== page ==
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LawBiz® TIPS – Week of February 5, 2013

LawBiz(r) newsletter

I'll be in Tucson, AZ the week of February 4th. If you're there and want to visit, contact me.

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How Does a Law Firm Commit Suicide?

Financial blogger Bruce MacEwen recently said that more Wall Street and middle market firms are quoting "suicidal prices" for legal fees simply to get enough work to keep lawyers occupied and cover their fixed costs, and attributed it to firms paying too much money to too many lawyers. "A law firm cannot really lose money for even one year and remain viable," he said, "because that's what they pay their partners with."

The issue of too much pay for too many lawyers is definitely a "BigLaw" phenomenon at large corporate firms with many hundreds or even thousands of lawyers. Earlier this year a book on law firm economics called Declining Prospects, by corporate attorney Michael Trotter (see review) demonstrated what happened to firms that added larges numbers of lawyers beginning several decades ago, to advise clients about global growth and surging regulation. Trotter noted, for example, that Baker & McKenzie LLP, the largest U.S.-based firm with almost 4,000 lawyers, has a leverage ratio of 4.48 associates to each partner but ranks 79th in average per-partner profitability. Other big firms show a similar disparity between size and profits.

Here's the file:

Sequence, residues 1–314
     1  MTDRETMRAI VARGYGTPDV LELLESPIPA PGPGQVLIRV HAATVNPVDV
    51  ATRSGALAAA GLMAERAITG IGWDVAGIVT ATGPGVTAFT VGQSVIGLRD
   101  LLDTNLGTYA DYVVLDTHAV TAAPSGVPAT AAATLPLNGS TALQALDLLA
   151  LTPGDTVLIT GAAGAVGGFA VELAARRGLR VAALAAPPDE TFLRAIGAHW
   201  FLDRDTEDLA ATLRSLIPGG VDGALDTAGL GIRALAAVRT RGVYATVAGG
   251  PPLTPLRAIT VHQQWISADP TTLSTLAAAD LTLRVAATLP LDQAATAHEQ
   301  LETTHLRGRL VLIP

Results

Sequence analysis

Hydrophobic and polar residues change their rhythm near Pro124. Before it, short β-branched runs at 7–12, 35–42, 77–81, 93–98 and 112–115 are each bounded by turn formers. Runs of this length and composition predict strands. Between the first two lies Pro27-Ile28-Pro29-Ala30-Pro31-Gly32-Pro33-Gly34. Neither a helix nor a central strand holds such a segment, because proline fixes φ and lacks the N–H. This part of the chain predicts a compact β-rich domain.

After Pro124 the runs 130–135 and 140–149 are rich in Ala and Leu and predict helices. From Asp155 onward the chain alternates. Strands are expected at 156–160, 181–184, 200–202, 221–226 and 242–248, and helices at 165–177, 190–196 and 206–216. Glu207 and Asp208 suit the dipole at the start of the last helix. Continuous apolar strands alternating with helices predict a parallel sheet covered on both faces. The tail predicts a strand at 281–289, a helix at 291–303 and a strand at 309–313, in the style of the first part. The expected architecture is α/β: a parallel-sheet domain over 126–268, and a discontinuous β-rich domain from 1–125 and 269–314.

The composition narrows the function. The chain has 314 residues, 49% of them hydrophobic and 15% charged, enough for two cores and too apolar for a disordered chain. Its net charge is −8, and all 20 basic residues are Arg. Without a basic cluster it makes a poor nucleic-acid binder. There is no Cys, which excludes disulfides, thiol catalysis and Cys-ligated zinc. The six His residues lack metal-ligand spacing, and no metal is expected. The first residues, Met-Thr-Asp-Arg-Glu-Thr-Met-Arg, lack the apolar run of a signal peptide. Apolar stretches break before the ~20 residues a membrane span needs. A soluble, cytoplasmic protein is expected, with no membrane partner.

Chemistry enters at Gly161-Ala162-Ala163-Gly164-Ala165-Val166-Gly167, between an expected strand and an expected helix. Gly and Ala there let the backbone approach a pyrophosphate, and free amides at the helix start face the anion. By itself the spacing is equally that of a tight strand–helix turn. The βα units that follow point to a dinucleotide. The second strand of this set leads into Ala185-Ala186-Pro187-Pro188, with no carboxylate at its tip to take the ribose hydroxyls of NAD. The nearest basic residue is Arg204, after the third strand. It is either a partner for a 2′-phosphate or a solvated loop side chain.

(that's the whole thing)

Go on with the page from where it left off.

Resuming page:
The conclusion is stated clearly in the review cited above: "By bulking up so aggressively, law firms made themselves more vulnerable to economic downturns. Partners at many firms failed to appreciate that all those salaried employees needed to be paid every month, whether or not new business is coming in the door." And now, because of advances in technology, many tasks like discovery can now be done in a fraction of the time with a fraction of the number of lawyers. This is anathema to the economic model BigLaw had built

For law firms of any size, the old advertising cliché "we lose a little money on each sale but make it up in the volume," can indeed be a suicidal course. Firms cannot indiscriminately add lawyers. The work must be there for any lawyer added, at rates that can cover the lawyer's fixed technology, staffing and training costs. Like every other profession and trade, the practice of law is a business. That means law firms are governed by the same formula that defines all business success: P = R - E. Profit equals revenue collected less expenses. Ignoring this message is suicidal for any firm.

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In this issue:

How Does a Law Firm Commmit Suicide?

Growing Your Practice... 30% OFF - Special price!

Video: 8 Action Steps To Stay Afloat

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American Bar Association

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